You don’t have to try all these ideas at once. Experiment with one at a time, if you like, working through the list.
If you’re having trouble remembering names, attach pieces of information to the person–a job, a hobby, an interesting fact, or all three. If you know Mary works for a computer company, think of her sitting at her keyboard; conjuring up that thought will help you recall her name the next time you see her. If Fred tells you he keeps boa constrictors as a hobby, that bit of information will forever be a key to Fred.
Form mental images.
You can also try free associating with people’s names: Picture someone named Appleton sitting in an apple tree. If a man’s name is Sam, envision him wearing a white beard like “Uncle Sam.”
Repeat and review.
Another strategy for remembering a new name is to use the old salesman’s trick of repeating it silently (Judy, Judy, Judy) and then work it into the conversation several times as well. Three times usually does it. Later, write down the name, along with some associative words about the person. Review your notes aloud before meeting the person again. Entering data into your brain by two separate inputs (speaking and writing) lays down a stronger biochemical path in your memory system.
If you’re trying to remember a large amount of information, isolate just the main three or four points or break the information into manageable chunks. Once you’ve mastered this, you’ll have an excellent foundation to hang the details from. Just keep working your way through until you’ve got it all.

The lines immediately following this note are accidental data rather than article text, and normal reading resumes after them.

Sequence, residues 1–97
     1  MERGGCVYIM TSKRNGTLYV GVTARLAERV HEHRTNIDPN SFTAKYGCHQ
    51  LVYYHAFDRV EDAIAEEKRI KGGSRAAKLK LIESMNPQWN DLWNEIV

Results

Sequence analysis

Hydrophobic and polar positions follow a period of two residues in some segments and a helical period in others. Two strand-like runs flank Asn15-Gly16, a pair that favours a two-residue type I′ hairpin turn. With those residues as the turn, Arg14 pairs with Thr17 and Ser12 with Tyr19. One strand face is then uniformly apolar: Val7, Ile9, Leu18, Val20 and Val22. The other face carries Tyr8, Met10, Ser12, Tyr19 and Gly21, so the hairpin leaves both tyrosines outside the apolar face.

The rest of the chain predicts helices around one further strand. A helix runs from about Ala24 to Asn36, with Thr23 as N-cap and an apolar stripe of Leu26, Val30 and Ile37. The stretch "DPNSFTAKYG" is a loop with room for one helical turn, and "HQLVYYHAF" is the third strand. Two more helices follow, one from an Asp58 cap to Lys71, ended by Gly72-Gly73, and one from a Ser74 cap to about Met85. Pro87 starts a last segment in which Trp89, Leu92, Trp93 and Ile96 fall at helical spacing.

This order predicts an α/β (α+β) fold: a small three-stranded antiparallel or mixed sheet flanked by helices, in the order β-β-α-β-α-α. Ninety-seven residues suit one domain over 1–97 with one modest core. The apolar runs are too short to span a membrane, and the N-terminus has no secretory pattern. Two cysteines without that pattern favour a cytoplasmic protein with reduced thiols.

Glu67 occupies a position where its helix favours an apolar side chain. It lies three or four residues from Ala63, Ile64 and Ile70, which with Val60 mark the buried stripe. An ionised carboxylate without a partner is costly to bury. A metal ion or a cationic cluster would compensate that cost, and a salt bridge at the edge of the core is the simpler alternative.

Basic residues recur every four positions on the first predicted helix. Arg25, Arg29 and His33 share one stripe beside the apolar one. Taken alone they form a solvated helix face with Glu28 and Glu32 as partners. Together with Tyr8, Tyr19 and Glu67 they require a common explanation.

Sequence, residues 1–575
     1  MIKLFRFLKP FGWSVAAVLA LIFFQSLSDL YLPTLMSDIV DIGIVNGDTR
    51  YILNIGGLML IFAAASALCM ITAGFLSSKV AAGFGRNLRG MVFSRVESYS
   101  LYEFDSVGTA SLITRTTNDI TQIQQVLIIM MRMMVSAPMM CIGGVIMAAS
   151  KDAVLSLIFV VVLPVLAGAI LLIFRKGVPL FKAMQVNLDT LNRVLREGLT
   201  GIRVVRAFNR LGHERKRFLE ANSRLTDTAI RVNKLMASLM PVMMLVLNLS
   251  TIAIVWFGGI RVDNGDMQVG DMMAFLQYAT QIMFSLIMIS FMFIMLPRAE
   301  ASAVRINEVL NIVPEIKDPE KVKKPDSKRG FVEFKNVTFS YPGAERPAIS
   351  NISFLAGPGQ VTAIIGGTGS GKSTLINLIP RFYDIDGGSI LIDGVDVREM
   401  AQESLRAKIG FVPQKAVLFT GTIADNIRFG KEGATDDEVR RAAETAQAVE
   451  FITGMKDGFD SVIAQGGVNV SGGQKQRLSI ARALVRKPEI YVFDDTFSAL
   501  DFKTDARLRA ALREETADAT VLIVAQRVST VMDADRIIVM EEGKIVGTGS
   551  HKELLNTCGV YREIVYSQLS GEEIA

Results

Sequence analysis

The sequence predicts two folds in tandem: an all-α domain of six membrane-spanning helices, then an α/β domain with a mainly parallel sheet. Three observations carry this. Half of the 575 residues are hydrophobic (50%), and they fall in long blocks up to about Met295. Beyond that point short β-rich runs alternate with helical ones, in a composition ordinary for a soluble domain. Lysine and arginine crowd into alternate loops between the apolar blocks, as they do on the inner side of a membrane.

Often it’s not your memory that’s at fault when you can’t remember where you put something. You simply got distracted and weren’t focused on the issue at hand. Next time, instead of carelessly tossing your keys aside as you head for the refrigerator, pause for a moment and say aloud, “I am putting my keys down right here.” This may work for your cell phone and your parking spot at the mall, too.
Concentrating on what someone is saying to you makes you more likely to remember it later. Don’t let your mind stray to buying your mother a birthday present while your husband is telling you that he’ll pick up the kids after school. Make an effort to focus on the matter at hand.
People who are well organized tend to have better memories than those who lead cluttered lives. If you are always losing things, such as your purse or your glasses, make a point of keeping these items in the same place all the time. Also, rely on the most popular tool used by your organized friends: your smartphone. This will help you keep track of things.
Use memory aids.
Never be embarrassed about turning to a pocket notepad or your mobile device to keep track of information. Keeping pads and pencils all over your house and in your car is also a good idea–the mere act of writing something down will help you remember it. Using your smartphone’s voice recorder and alarm may also be useful.
Memory lapses are not usually a cause for concern. Only a tiny percentage of people–usually over age 65–develop Alzheimer’s disease, a form of intellectual decline that persists over time. Oddly enough, if you’re fretting about memory loss, that’s actually a sign that Alzheimer’s is unlikely. If you had Alzheimer’s, you wouldn’t even be aware of your memory lapses.
Now, where are those car keys anyway?